Sexton asks Lee for special session to address Tennessee schools' COVID response

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Tennessee House Speaker Cameron Sexton sent a letter Wednesday to Gov. Bill Lee, asking him to call a special session to address COVID-19 responses from the state’s school districts and local governments.

The letter was signed by all 73 House Republicans.

“We believe there is a need to curtail the overreach by independent health boards and officials, confirm a parent's right to make decisions that impact the mental and physical health of their children, provide support and direction to schools to ensure educators are properly compensated for COVID-19 leave, and protect all Tennesseans from misdirected mandates designed to limit their ability to make their own decisions,” the letter read.

Several Tennessee school districts voted in recent weeks to have mask mandates to start the school year, including Henry County Schools in Paris, Shelby County Schools in Memphis, Metro Nashville Public Schools and Williamson County Schools south of Nashville.

“We cannot support a special session where the controlling party is only concerned with punishing private business owners and school districts for exercising medically appropriate precautions to keep people safe,” said Sen. Raumesh Akbari, D-Memphis, chair of the Senate Democratic Caucus. “This pandemic has claimed the lives of nearly 13,000 Tennesseans and we should all be fighting the virus – not playing politics. The special session our families deserve would focus on affordable healthcare through Medicaid expansion.”

Lt. Gov. Randy McNally, who presides over the Senate, said in a statement lawmakers have lost focus and he believes local control is the best way to keep students safe.

“Amid all the controversy regarding masks, vaccine passports and the like, we appear to have lost sight of the one thing that truly matters: keeping children in the classroom so they can learn,” McNally said. “Education is of paramount importance. Nothing else. Test scores have proven that this pandemic has eroded our progress and threatens the very future of our children and grandchildren.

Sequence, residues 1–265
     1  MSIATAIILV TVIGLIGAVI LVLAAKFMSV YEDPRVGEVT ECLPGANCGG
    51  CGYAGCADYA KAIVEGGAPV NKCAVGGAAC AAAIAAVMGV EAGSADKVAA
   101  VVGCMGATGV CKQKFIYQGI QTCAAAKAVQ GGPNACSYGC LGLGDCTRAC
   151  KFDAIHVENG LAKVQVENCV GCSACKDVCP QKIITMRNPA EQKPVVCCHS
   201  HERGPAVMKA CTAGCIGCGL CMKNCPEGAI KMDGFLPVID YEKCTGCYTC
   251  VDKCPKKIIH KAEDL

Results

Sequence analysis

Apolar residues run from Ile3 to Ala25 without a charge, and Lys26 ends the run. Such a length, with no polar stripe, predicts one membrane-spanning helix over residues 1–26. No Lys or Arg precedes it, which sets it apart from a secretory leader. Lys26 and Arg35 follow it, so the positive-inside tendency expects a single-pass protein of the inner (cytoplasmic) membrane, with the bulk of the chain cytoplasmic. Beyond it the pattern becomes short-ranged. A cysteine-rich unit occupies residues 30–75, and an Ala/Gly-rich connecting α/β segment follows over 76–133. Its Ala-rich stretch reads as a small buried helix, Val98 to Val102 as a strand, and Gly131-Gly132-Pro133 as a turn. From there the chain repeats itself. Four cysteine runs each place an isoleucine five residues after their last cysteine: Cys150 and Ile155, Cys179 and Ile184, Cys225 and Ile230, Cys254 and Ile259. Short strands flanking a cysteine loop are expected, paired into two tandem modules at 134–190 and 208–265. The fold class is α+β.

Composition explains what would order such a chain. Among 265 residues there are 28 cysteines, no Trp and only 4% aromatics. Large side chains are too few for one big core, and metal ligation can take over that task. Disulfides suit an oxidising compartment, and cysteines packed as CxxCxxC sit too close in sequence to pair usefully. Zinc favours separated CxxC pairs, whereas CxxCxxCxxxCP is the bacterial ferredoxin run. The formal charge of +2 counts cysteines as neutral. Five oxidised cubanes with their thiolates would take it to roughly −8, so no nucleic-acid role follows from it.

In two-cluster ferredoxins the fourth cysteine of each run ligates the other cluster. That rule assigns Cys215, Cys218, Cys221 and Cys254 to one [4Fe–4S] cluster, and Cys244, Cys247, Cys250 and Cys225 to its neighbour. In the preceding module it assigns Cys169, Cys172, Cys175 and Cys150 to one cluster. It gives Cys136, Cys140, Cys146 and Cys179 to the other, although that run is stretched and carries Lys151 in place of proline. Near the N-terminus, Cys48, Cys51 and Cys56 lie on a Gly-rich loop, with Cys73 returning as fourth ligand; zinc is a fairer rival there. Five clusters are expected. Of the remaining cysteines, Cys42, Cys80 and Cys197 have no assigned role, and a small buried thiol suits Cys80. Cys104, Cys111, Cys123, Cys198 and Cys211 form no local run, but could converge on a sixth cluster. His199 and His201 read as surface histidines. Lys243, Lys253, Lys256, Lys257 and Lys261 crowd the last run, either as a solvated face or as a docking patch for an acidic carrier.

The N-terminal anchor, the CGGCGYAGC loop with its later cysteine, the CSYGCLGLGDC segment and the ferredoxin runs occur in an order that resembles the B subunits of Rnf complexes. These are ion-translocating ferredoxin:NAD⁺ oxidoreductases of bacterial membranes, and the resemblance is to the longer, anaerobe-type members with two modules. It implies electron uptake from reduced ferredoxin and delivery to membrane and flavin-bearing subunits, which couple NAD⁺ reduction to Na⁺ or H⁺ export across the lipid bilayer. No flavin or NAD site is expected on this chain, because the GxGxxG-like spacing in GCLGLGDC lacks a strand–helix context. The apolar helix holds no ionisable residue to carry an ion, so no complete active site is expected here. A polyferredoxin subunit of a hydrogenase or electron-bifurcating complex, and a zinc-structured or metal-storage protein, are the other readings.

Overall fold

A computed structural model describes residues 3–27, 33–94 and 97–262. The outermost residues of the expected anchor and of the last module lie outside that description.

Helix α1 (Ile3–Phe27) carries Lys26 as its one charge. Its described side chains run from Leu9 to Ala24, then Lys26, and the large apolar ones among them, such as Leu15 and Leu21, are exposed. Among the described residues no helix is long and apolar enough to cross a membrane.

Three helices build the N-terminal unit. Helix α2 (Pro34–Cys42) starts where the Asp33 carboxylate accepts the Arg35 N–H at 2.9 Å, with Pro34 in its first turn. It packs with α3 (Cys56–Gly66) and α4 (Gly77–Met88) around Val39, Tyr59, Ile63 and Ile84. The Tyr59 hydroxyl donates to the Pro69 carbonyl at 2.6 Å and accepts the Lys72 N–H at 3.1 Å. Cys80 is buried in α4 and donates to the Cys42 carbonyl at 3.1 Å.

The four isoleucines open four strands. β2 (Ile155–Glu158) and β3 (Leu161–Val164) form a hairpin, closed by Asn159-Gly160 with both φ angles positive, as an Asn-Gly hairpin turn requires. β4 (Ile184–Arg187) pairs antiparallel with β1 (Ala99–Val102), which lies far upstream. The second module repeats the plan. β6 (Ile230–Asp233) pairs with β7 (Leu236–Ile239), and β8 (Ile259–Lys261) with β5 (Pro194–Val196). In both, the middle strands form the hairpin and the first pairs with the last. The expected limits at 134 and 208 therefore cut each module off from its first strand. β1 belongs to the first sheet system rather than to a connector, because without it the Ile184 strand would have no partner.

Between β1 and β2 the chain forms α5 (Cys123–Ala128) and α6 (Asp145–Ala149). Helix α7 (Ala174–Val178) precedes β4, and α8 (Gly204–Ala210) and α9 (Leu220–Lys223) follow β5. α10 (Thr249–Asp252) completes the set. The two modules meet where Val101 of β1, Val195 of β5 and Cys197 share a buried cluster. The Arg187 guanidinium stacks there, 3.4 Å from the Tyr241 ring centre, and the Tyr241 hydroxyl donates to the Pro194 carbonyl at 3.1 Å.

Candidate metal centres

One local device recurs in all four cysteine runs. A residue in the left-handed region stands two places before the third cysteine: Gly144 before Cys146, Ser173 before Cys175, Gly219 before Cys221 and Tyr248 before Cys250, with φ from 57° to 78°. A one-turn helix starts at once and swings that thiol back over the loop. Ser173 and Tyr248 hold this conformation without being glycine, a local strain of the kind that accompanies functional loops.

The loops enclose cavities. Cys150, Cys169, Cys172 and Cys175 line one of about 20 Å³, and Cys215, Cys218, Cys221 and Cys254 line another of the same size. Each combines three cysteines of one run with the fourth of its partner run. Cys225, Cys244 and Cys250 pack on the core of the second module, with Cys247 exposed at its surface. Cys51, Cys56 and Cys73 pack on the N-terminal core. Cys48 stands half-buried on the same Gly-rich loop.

“I remain convinced that locally elected school boards and private school organizations know how best to manage operations during this pandemic so that students can remain healthy, learning and, most importantly, in the classroom,” McNally said. “If a special session is called, I will work with Governor Lee, Speaker Sexton and all my colleagues to keep this our mission focus. Children learn best in a classroom. And they can only do that if they remain healthy, vibrant and safe.”

Sexton warned last week he would take action if schools approved mask mandates.

“Students need and must be in in-person learning in the classrooms,” Sexton, R-Crossville, said Aug. 2 during a news conference regarding student performance results. “And I sure hope that every school system in this state, after this data is released, does not shut their schools. Because, if they do, I am going to ask the governor for legislation to allow those parents in those school districts to take their money through school of choice and go wherever they deem they need to go.”

Knox County Mayor Glenn Jacobs tweeted Tuesday he supported Sexton calling for a special session, saying “our kids are already falling behind and shouldn’t be forced to overcome any further impediments to their education.”

“Haven’t heard anyone asking for closures, only heard people asking for what Doctors and Public Health officials are calling for – masks required in schools and on buses,” Rep. Gloria Johnson, D-Knoxville, tweeted in response. “Seems logical, if you want kids in school, require masks so they can stay there. Make common sense common again!”

Rep. Bruce Griffey, R-Paris, and 11 other representatives signed a letter last week to the state’s school districts and fellow legislators stating he believed the state’s school districts did not have the right to create mask mandates.

“To be clear, the legislature has not granted any authority to local school boards or superintendents to require face-coverings or promulgate any rules related to healthcare or the prevention of communicable diseases,” the letter read. “As such, any attempts to create alternative learning environments for unvaccinated students, segregate such students, or treat them any differently would be potentially unlawful in the state of Tennessee.”

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